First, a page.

Military, CIA Shun 9/11 Panel on Covert Operations; Special-Ops Lead Urged in Report

The Washington Times (Washington, DC), September 9, 2011 | Go to article overview

Military, CIA Shun 9/11 Panel on Covert Operations; Special-Ops Lead Urged in Report


Byline: Bill Gertz, THE WASHINGTON TIMES

The U.S. military and the CIA failed to agree on implementing a key recommendation of the commission that investigated the 9/11 terrorist attacks: Give special-operations commandos the lead for all covert military action.

The 9/11 Commission ordered the shift in response to concerns that CIA covert action - a mainstay of the agency's World War II predecessor, the Office of Strategic Services - had atrophied. The agency also had a risk averse approach to spying and semisecret military activities.

Former Navy Secretary John F. Lehman, a member of the panel, said a report card made public last week by the Bipartisan Policy Center didn't address the failure to implement the covert action change because of the secrecy surrounding the issue.

The situation has evolved far beyond where it was at the time of our report, Mr. Lehman said, adding that the raid to kill Osama bin Laden shows that they are now doing something right.

Retired Army Lt. Gen. William Gerry Boykin, a former Delta Force commando and Pentagon intelligence policymaker during the George W. Bush administration, said that after the commission issued its recommendation in 2004, disagreements arose over bureaucratic turf, and the CIA and the U.S. Special Operations Command (SoCom) could not agree on how to implement it.

The military has expanded special operations forces in recent years. But critics complain that the Pentagon official in charge of the policies for their use is Michael G. Vickers, a former CIA official who comes from the agency's risk-averse, anti-covert-action culture.

Military covert action involves training and equipping foreign military or paramilitary forces in semisecret activities where the U.S. role is hidden. Past programs included arming Cuban rebels for the ill-fated Bay of Pigs invasion, deploying direct-action hit teams in Vietnam, and the arming and training of anti-communist rebels in Latin America and anti-Soviet rebels in Afghanistan.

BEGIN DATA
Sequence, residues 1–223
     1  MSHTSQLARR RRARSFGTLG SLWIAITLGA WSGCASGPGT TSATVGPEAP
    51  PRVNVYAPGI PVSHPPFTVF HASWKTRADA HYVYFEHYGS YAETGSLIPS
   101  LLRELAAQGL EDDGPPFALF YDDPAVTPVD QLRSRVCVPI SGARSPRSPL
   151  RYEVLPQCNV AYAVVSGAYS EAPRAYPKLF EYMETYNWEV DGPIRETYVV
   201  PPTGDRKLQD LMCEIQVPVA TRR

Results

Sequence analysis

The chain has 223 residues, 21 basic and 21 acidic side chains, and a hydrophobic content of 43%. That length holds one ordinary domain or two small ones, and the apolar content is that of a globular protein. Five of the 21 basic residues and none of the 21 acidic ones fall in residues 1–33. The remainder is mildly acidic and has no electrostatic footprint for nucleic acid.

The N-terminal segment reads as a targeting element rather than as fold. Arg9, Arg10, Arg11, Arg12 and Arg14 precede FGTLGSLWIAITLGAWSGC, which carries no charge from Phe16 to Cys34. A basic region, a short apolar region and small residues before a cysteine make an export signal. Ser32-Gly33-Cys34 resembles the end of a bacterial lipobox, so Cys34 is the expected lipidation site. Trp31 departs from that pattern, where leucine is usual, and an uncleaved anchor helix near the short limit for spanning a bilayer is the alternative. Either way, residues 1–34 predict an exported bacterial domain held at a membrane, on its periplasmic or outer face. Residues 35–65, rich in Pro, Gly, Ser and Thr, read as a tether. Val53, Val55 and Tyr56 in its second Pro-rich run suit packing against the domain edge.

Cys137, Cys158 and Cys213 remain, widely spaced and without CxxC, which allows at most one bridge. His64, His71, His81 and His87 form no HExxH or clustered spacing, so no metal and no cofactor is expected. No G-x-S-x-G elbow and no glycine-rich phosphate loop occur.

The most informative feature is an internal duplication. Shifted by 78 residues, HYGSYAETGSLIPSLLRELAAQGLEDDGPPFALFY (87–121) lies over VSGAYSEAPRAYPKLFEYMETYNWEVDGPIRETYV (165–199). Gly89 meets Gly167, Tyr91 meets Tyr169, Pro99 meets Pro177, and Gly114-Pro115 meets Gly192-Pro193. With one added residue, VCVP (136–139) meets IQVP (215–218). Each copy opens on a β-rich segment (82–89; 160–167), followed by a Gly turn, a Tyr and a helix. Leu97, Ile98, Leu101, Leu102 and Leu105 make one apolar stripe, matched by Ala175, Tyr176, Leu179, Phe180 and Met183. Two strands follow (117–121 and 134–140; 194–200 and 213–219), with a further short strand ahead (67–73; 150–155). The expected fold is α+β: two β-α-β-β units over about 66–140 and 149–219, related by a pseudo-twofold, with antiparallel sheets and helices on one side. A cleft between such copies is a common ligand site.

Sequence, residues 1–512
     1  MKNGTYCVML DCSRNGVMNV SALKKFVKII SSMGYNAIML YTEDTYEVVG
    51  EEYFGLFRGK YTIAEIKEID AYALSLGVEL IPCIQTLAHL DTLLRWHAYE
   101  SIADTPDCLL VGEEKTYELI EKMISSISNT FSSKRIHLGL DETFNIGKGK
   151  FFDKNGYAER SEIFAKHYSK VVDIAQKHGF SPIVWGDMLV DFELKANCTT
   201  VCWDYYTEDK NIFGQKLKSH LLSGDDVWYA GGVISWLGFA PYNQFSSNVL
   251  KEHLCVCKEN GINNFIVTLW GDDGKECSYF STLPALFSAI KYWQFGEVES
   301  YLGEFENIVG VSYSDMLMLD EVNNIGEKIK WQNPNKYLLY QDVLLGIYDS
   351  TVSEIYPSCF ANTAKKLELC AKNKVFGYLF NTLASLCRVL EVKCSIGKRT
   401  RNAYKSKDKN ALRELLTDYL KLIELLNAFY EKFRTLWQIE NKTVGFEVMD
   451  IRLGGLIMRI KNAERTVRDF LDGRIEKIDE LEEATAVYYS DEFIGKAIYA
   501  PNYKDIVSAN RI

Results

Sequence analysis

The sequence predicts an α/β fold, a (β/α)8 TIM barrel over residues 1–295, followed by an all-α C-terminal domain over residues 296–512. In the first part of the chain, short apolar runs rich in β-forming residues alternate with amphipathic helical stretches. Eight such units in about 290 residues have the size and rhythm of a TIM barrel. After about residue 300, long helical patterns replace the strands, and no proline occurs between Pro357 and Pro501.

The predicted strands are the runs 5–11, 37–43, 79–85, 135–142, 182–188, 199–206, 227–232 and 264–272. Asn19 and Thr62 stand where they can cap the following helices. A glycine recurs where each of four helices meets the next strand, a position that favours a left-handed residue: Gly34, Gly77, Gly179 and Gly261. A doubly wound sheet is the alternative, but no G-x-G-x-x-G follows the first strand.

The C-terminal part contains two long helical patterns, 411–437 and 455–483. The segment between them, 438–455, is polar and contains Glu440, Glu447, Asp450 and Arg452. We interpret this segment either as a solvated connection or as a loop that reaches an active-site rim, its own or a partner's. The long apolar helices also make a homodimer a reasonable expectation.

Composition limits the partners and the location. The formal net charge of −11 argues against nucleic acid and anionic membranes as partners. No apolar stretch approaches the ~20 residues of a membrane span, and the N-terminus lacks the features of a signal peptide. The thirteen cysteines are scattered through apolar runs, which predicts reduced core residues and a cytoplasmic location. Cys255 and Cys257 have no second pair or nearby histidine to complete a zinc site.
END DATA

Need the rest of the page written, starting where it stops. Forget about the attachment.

Since 2004, the CIA's most successful covert military operation was the hunt for bin Laden and the raid to kill him in Pakistan on May 2 with Navy SEALs.

The CIA's other successful covert military action is the war against al Qaeda and other terrorist groups using drone missile strikes in the Middle East and South Asia.

One setback was the suicide bombing by a double agent in December 2009 at a CIA covert base in Khost, Afghanistan, that killed seven agency officers.

The military's most secret units and those involved in covert warfare are the Army's Delta Force and the Naval Special Warfare Development Group, formerly SEAL Team 6.

CIA spokeswoman Marie Harf said the agency and the Pentagon have worked closely in the fight against al Qaeda, notably in the Abbottabad, Pakistan, operation against bin Laden.

Our capabilities are complementary, not duplicative, and the success of those capabilities should speak for itself, she said.

Gen. Boykin said a task force was set up to study the 9/11 recommendation, but it failed to define paramilitary covert action. This was a fundamental question that no one could answer, Gen. Boykin said.

If the commission meant training, SoCom already had the mission of working with surrogates. But paramilitary operations - activities that are militarylike but carried out by groups other than the military - automatically would become military if the function is passed to the Pentagon.

Gen. Boykin said that if the commission wanted to give responsibility for covert action to the Pentagon, the CIA was opposed, arguing that the change would hinder intelligence collection. The agency said its facilities and equipment were dual-use - for spying and paramilitary - and could not be transferred.

Gen. Boykin said the command was against duplicating the CIA's training facilities, methods and equipment, because of high costs needed to age equipment and weapons for operations. …

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